Host Country Studies Trip to Eptapyrgio Fort, Trigonion Tower and Church of St. Nikolaos Orphanos

It was a very cold, windy Tuesday morning when Pinewood Middle School students were taken on a tour of “Ano Poli,” in other words, the Acropolis of Thessaloniki. Our plan was to visit the Eptapyrgio Fort first. That’s where our special guide, Ms Stavroula Tzevreni, a Byzantinologist working for the 9th Ephorate of Byzantine Antiquities, started her very informative tour. It was interesting to see how the Fort was built, how masterfully bricks were used for decoration, and finally, how sturdy and powerful everything looked. We were especially intrigued by the Fort’s long history, particularly how in the late 19th century the Fort was converted into a prison, known by its Turkish name – Yedi Kule.
Our second stop was at the Trigonion Tower on the North-Eastern side of Thessaloniki. It was through this point that the Turks breached the defenses of the city in 1430. Immediately afterwards, in the mid-15th century, the Ottomans replaced the Byzantine Trigonio Tower, incorporating the latter in its construction. The new Tower was built in order to deal with the new war technique of using firearms and its entire design serves this purpose. It was really interesting to see how the Tower was built, how thick the walls were, how its rooftop could effectively be used as surveillance terrace of the surrounding area and how masterfully the archaeologists of the 9th Ephorate restored it to its original glory.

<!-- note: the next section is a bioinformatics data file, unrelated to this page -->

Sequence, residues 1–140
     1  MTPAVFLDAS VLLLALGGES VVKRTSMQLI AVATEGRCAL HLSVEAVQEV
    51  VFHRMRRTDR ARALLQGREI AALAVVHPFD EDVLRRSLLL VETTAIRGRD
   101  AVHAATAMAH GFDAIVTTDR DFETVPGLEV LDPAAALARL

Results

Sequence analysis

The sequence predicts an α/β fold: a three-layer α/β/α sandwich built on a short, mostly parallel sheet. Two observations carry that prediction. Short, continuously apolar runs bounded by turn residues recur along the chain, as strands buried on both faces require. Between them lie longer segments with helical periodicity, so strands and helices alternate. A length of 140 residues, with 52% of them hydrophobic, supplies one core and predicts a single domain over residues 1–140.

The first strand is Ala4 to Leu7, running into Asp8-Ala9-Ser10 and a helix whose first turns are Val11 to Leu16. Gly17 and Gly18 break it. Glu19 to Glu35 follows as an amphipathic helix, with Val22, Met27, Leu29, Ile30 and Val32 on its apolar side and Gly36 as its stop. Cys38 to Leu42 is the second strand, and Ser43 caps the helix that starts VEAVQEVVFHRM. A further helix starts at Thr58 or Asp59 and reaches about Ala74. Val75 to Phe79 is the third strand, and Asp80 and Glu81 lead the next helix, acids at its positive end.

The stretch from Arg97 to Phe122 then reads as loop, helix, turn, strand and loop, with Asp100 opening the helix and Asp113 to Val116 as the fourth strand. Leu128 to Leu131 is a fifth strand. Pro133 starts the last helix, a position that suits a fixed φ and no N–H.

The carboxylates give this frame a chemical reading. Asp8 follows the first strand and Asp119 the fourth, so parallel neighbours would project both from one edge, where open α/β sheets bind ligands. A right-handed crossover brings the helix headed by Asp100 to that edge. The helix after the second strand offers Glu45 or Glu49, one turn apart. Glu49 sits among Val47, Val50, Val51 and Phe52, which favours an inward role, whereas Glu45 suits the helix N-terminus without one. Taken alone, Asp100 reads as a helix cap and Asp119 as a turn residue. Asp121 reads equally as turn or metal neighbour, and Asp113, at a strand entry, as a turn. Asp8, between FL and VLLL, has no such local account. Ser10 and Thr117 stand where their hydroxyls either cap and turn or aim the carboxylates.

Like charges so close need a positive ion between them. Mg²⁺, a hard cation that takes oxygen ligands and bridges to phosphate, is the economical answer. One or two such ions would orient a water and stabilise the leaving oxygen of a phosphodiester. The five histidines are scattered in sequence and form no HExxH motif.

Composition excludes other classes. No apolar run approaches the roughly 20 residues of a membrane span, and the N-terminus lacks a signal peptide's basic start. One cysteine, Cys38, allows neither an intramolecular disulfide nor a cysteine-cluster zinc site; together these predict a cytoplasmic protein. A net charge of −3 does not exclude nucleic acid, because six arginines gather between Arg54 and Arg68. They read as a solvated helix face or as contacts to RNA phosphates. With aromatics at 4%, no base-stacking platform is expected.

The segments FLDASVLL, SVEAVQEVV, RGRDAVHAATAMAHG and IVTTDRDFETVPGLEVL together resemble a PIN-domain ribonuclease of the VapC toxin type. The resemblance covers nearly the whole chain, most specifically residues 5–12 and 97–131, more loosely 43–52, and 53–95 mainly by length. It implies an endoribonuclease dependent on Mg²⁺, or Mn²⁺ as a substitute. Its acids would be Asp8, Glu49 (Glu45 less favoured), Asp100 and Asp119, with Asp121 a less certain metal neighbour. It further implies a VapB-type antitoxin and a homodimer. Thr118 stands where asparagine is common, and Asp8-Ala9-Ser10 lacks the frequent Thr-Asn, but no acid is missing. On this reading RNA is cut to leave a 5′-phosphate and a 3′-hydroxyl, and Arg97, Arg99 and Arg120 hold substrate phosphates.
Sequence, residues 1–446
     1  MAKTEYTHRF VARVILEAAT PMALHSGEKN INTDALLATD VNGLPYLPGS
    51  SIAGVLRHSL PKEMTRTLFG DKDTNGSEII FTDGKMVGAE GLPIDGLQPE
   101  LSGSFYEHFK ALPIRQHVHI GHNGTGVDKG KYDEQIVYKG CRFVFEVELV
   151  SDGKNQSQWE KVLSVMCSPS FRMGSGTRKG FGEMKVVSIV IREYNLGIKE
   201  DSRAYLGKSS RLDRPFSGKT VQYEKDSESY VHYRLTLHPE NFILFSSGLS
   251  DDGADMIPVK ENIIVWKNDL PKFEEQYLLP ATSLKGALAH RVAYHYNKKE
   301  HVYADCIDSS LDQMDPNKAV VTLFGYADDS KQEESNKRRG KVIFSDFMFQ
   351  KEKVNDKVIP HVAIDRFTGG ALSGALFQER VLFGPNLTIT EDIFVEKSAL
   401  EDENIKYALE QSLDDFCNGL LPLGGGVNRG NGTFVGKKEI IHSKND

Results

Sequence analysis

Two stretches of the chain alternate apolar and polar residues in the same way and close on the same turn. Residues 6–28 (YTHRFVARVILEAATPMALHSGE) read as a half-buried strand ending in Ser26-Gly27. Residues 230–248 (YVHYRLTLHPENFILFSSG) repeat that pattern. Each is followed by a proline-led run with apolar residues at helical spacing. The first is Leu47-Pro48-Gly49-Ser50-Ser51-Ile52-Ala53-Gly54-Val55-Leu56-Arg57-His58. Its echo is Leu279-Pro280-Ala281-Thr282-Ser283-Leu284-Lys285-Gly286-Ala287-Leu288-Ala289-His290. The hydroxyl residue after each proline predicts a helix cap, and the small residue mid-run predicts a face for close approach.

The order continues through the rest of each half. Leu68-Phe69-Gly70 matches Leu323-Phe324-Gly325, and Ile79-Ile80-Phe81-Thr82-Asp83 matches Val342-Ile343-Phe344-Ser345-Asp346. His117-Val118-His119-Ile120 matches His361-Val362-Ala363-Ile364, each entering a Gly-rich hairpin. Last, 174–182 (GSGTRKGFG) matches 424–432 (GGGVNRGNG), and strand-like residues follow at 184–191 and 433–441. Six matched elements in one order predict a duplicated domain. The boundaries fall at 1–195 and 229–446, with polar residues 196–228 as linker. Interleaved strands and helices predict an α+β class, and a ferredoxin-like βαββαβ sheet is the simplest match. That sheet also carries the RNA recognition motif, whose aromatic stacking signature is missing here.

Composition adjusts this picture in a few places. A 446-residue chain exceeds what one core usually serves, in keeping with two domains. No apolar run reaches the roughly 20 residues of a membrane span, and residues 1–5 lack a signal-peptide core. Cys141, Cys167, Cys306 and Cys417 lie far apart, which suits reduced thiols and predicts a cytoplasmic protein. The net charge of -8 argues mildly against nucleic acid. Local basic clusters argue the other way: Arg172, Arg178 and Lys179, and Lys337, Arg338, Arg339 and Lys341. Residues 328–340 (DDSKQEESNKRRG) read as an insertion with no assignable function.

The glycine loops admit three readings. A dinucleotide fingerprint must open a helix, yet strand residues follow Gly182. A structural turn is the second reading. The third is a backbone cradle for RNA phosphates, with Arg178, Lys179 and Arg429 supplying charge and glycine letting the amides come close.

Our trip ended in the Church of Saint Nikolaos Orphanos. The church dates from the second decade of the 14th century. It was the catholicon of a monastery, and it is referred to under the name Saint Nikolaos Orphanos, or ‘ton Orphanon’, in a codex dated 1745. These names may refer to the founder, or to the charitable work done by the patron of the church with orphans and widows. The church is beautifully decorated with frescoes presenting stories from the life and miracles of Christ, Saint Nikolaos, and Saint Gersimos. These frescoes, dating around 1310-1320, are considered unique examples of the Palaeologean Renaissance style.

Amalia Spiliakou

Host Country Studies Coordinator